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Old School, Old tool. Still gets the job done!
Jan 6, 2008 (Updated Jan 6, 2008)
Review by toolguy1963
Rated a Very Helpful Review
Pros:Durable, accurate, inexpensive, nice chrome steel finish
Cons:Have to do the math, takes practice to get good with it
The Bottom Line: For the price this tester can't be beat. Once you figure out electrical systems there is a lot you can do with this. Every wrench turner should have one.
As automobiles become more equipment laden electrical it becomes imperitive the battery condition be at peak performance. Iv seen no-start or inoperative system problems with just tenths of a volt difference from normal specification. Granted most of these could be tracked to voltage drop or bad ground loop problems but there is always that first step of determining whether the battery is charged and if it has the capacity to crank the car.
Recommend this product?
Enter the shunt grid load tester. A simple instrument that has been around as long as cars and car batteries. This particular configuration popped up probably as long ago as the 1950s. I bought mine in the 70s and they still build them today. There are certainly more accurate, more expensive and better looking tools on the market, but the old steel cased, basic cross pole voltage and load test unit can still find a place on any mechanics pro or backyard wall, tool box or service truck.
This particular unit can be used on either six or twelve volt systems. The six volt rating kind of indicates that it has been around for a long time. I think the last of the big three six volt systems went out in the mid fifties. The unit uses a very dependable DArsonval analog voltmeter with a zero adjust for accurate readings. The meter itself is sectioned off into color-coded levels in both the twelve and six volt range. You also get prompt readings on the color codes for bad, good and charging. That way you can also read the voltage and know if youre in the proper range for battery cross pole and charging. With the number range you can also use the tester for cranking voltage and measure it against the 100 Amp draw that the unit produces when activated. This gives you an idea whether your starter is bad or the battery is bad.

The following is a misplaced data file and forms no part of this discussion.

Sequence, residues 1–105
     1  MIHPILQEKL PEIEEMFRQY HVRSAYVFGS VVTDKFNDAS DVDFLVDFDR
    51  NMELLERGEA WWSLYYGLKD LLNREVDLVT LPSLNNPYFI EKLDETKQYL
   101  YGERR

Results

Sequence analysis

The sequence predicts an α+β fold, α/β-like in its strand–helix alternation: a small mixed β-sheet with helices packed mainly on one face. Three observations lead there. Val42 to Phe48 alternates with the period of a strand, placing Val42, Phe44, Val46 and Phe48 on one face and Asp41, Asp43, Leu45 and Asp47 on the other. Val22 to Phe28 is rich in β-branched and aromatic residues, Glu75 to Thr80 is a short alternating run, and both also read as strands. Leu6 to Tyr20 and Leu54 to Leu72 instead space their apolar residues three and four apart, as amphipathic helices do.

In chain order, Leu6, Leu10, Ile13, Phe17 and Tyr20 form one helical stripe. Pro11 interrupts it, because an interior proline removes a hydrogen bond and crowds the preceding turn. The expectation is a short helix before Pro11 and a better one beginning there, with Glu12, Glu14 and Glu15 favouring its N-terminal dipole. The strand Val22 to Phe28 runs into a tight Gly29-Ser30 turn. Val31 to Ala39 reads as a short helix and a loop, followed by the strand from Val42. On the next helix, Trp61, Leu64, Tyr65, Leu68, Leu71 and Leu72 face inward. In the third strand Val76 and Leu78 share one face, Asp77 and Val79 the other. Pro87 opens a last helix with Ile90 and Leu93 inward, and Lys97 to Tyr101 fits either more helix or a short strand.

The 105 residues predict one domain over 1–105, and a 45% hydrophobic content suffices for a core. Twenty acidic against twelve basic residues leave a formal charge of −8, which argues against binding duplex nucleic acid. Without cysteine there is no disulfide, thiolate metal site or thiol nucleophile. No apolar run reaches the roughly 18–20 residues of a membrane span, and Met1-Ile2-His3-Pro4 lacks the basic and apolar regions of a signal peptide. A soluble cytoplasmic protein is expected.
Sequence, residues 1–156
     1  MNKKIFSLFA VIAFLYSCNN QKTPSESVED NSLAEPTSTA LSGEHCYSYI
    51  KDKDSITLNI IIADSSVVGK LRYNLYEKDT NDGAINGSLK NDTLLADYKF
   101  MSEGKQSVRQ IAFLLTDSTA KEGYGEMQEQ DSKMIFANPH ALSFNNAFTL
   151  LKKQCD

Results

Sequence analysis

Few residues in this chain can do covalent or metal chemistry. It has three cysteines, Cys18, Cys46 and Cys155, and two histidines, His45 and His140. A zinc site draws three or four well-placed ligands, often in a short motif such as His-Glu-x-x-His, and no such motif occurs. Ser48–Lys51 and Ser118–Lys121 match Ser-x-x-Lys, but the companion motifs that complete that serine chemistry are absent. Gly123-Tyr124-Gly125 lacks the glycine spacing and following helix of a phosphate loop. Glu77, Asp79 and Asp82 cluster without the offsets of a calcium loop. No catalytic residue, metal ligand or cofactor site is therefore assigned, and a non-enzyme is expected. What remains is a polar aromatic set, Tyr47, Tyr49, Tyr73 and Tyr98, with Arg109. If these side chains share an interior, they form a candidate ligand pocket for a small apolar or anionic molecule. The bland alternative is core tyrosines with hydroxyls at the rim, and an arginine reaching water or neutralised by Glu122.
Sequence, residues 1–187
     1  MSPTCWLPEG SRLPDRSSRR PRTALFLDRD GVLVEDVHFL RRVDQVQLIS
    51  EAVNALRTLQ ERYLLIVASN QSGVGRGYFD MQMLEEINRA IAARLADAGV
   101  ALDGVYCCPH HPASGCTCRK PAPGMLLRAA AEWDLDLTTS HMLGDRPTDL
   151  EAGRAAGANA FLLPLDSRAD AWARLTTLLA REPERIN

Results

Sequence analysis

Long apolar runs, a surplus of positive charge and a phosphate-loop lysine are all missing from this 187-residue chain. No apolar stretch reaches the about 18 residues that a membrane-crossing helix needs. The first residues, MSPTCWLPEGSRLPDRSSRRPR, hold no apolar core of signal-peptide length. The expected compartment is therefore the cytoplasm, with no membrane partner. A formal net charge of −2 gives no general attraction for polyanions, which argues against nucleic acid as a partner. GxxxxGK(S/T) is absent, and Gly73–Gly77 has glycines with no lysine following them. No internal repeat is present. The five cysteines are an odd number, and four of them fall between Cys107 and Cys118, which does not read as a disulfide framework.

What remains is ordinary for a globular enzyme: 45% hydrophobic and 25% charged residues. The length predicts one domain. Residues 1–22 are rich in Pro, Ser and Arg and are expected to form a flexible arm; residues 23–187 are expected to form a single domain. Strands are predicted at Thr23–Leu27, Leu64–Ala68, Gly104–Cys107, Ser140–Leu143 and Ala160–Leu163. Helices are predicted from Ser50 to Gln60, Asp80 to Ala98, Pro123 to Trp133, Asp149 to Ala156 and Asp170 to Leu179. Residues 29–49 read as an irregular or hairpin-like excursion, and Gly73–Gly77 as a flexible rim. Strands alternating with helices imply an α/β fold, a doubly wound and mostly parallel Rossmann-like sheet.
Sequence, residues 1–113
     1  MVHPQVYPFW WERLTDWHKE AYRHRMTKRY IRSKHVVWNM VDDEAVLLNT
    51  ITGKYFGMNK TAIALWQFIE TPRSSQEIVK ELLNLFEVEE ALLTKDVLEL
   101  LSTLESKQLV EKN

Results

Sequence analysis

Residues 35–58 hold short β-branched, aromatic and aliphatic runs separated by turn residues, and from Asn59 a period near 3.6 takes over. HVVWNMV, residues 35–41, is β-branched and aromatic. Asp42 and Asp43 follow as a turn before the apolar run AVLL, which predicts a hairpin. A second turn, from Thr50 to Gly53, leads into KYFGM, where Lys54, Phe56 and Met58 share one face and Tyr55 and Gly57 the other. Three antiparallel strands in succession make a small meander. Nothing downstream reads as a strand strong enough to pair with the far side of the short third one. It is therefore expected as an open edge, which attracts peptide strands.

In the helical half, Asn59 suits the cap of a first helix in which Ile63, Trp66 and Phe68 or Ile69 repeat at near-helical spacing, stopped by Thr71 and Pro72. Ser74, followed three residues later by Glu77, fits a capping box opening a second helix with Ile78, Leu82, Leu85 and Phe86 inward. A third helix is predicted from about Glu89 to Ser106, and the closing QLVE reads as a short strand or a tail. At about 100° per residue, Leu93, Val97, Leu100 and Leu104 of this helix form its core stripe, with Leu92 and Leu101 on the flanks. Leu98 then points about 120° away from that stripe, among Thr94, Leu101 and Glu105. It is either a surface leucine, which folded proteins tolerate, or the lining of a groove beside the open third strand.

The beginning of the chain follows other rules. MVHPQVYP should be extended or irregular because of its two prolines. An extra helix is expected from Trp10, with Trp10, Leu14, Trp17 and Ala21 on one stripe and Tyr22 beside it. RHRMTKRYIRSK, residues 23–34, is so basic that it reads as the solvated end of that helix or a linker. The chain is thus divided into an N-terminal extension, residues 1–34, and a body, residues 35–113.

I say gives you an idea because the tester only draws at a set one hundred amps. Many starting systems and batteries have a much higher capacity than this. Others are lower capacity so using the tester often on good as well as bad systems will allow you to get pretty decent ballpark estimates. I find its just about spot-on for vehicles with smaller engines with lower draw cranking systems. For older cars with big V-8s you may need to do a couple of consecutive load tests to determine whether or not youre getting good draw and rebound.
Using the tester is straight forward. Connect the positive clamp indicated by the plus sign and red handle insulation to the positive battery terminal. Then attach the negative clamp indicated by a minus and black handle insulation to the negative battery terminal. Read the volt meter noting whether you have a six or twelve volt battery. The meter should read 12.6 volts for a good battery. The tester will indicate Good and the needle should be resting in the yellow zone. If its in the red, charge the battery before proceeding.
To load test the battery push the spring loaded switch to the right and hold for fifteen seconds. The volt meter should not drop below 9.6 volts and when the switch is released the battery should rebound to above twelve volts within a couple of seconds. If the drop is below 9.6 volts and the rebound is slow or not adequate, then the battery is weak or bad.
Cranking test; once the above test has been performed, the tester can be used to check the starter. Crank the engine over while watching the gauge. This could be difficult since the 14 gage cable leads are only twelve inches long. It may be best to recruit some help. With the engine cranking, note the difference between the load and cranking voltage drop. If the cranking voltage is significantly greater, bringing the battery down below 9.6 volts for example, then you can probably bet you have a bad starter cable, bad starter or bad ground. Time for some voltage drop tests!
Once the vehicle starts pay attention to the volt meter again. Does it jump up to around 14 volts and is it in the green zone? That would indicate good charging. If it hovers back down around 12 volts then the alternator is probably not charging. The same tests can also be done on the six volt scale but I wont throw those values out there now.
Obviously most of these tests except load which is very important for battery condition and to get a baseline can be done with a common voltmeter. The advantages to this unit are its low price for a very good analog voltmeter with zero adjust. Load test capability of course. A heavy-duty unit packed into a fairly portable case with a nice old school chrome look finish to it.
Drawbacks to the tester are that its more time consuming to use than say a modern Midtronics tester. You may need to have a battery charger near by to bring battery level up. You also have to do the math, and youre fixed to one draw rating so you have to make calculated estimates based on experience with the unit. Newer digital electronic testers get by this and do it quickly with no brain work.
Overall for the low price, durability, and gauge accuracy, this unit is hard to beat. Thats probably why theyve sold so many of these exact same testers for so many years and continue to do so today. You can find them in about any autoparts, hardware or tool suppliers catalog. Good buy for the money.
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